The Keeper at the New Museum
By Elana Kates
The New Museum’s recent exhibit, The Keeper, speaks to a particularly universal impulse: that to save, to amass, to preserve. Whether archival or anthropological, individual or historical. At this new show, the scope and range is extensive—the exhibit spans nearly four floors. The Keeper displays collections. These assortments reflect on the urge to collect things of varying degrees of importance (however you define this concept). Some are comprised of personal mementos and others antiquities. The items on display come from a diversity of historical contexts and circumstances. A selection of melted and distorted artifacts from the National Museum of Beirut is exhibited. These valuable objects, which had been warped by shellfire during the Lebanese Civil War, bear the physical manifestation of destruction and violence. And conversely: a collection of mini-sculptures by Japanese artist Yuji Agematsu. These small assemblages are composed of clear cigarette wrappings filled with a curated assortment of trash and detritus, which Agematsu obsessively collects during daily walks in Manhattan.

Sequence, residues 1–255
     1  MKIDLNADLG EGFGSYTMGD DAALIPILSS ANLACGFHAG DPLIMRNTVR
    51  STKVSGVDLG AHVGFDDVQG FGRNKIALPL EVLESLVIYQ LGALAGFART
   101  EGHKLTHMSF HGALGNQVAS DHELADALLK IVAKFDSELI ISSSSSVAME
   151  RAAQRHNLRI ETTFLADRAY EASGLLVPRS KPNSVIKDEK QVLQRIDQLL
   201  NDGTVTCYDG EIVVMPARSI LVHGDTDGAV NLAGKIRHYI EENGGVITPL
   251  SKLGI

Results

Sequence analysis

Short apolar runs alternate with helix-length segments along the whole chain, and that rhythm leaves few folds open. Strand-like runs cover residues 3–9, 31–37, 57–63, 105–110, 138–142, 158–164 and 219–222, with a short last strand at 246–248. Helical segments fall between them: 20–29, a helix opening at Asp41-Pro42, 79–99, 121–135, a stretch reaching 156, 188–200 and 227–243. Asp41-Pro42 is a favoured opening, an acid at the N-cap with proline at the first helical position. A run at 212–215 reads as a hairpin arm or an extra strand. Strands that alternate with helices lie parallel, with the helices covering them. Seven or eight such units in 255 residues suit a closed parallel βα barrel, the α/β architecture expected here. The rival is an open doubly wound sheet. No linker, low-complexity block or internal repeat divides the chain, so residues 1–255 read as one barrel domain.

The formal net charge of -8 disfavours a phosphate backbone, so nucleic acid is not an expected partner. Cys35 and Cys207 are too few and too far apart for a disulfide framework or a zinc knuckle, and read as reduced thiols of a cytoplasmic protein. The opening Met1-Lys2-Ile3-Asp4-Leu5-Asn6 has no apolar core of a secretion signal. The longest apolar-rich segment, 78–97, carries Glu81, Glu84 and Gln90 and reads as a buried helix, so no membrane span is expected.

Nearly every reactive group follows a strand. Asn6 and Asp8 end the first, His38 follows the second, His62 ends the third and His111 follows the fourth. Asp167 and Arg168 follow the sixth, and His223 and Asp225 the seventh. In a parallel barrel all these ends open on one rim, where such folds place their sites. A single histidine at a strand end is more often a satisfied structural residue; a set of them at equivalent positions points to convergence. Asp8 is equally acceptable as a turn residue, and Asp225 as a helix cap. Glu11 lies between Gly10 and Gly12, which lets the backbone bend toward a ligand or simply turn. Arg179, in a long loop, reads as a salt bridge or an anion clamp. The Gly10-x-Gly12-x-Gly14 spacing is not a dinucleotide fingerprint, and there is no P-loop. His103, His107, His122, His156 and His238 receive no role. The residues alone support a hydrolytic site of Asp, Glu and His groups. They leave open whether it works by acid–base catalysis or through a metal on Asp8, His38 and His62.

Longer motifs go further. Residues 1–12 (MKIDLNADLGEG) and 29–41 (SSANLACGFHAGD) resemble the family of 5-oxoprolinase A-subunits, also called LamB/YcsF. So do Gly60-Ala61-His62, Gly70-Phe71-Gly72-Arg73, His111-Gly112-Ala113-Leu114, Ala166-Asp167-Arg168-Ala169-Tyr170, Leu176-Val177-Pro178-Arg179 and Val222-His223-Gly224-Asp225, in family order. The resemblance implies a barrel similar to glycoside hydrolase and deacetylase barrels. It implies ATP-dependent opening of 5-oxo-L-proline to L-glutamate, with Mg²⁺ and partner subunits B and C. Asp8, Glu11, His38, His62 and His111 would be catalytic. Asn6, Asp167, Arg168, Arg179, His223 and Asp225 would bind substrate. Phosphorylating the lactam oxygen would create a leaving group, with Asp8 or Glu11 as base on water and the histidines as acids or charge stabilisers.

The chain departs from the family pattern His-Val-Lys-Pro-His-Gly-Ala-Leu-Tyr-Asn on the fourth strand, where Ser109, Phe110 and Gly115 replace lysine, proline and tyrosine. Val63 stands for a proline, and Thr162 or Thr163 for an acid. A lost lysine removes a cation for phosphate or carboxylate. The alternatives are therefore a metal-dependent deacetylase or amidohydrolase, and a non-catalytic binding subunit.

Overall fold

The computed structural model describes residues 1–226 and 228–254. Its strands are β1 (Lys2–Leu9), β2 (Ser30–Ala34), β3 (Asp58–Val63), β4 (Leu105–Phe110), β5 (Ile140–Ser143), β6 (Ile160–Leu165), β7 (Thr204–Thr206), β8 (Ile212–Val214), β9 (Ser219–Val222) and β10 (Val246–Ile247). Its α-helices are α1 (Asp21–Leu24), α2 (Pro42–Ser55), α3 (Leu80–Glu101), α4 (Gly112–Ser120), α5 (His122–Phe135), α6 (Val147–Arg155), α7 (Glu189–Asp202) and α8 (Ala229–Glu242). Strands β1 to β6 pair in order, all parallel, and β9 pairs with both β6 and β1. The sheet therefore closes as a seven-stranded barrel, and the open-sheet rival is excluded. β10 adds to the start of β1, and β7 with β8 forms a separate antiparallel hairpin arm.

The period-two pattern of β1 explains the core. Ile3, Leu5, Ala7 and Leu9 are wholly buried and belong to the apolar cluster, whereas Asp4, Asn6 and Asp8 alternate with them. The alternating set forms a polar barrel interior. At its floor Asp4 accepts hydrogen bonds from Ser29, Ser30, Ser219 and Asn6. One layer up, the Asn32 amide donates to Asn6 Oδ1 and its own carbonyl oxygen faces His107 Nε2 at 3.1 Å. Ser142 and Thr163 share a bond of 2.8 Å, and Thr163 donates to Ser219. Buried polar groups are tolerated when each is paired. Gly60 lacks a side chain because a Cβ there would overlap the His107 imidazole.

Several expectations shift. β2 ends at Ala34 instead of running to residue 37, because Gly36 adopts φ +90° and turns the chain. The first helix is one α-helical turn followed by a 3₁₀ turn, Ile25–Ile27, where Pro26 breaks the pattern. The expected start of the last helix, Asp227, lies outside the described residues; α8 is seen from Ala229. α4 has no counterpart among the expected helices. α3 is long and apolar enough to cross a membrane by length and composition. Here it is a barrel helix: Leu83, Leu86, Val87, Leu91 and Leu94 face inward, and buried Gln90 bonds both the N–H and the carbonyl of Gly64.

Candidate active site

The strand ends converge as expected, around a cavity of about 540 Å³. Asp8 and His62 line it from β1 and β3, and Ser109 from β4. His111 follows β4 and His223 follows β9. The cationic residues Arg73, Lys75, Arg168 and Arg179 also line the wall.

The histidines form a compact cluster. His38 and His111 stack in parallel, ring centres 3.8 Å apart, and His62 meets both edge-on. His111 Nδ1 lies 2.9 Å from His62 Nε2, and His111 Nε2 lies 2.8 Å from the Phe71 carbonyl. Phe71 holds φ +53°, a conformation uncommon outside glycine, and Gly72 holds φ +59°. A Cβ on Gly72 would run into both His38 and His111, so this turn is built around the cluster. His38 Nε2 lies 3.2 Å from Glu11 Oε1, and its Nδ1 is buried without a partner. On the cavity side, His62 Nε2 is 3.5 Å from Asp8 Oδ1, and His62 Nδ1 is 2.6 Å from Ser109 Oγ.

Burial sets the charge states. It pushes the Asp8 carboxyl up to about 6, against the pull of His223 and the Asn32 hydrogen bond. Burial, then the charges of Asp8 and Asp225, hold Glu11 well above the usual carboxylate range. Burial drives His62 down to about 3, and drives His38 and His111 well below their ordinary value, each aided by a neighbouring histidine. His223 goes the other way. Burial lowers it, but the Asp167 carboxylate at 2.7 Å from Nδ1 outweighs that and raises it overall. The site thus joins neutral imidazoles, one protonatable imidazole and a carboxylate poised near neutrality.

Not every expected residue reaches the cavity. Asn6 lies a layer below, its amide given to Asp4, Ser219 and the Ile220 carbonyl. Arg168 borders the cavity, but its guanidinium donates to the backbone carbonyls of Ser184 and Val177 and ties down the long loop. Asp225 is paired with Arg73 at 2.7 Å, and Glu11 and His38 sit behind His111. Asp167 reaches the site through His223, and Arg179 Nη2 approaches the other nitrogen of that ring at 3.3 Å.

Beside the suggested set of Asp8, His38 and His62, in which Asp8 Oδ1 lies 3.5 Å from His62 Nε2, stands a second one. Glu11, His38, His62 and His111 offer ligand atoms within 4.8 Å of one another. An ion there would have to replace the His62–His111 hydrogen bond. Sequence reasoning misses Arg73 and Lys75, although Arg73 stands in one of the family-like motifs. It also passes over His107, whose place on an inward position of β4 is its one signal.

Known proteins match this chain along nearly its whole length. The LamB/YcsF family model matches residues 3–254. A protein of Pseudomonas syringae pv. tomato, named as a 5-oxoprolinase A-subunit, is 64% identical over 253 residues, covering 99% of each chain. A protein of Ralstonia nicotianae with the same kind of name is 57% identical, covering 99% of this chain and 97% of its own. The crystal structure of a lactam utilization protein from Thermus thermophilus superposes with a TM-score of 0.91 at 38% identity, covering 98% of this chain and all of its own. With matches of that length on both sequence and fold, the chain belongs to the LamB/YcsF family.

The cornerstone of The Keeper is an exhaustive project conceived and assembled by Ydessa Hendeles. This archive, titled Partners (The Teddy Bear Project), features some 3,000 family-album photographs of people posing with teddy bears. And the installation is overwhelming—walls are lined floor to ceiling with images that eventually blend together despite differing milieus and historical circumstances. Partners reveals a nearly frenzied impulse to comprehensively explore that which ties people to their playthings. Also displayed, an archive of a more personal nature: the 63-image photo-biography of Ye Jinglu. Jinglu, an avid portrait enthusiast, had his picture taken every year, from 1905 till his death in 1968. Although these unassuming images are formal and reserved, they betray Jinglu’s charming idiosyncrasies and mirror shifting cultural trends and developments. This condition is what links Partners and Ye Jinglu’s portraits, both collections of unassuming photographs that reflect individual proclivities and wider historical contexts.
The Keeper is full of such parallels and connections. Each of the collections displayed are unique, but they convey similar themes. Despite the multiplicity, universal truths emerge. This endures regardless of whether the work is that of an artist or amateur. And the exhibition’s collectiveness is exactly what makes it so captivating. The Keeper consistently and compellingly investigates distinctions between fine art and triviality at every level and on every floor (there are four of them).
The Keeper is on display from 7/20/16-9/25/16
Images © Tal Yaron
Article © Elana Kates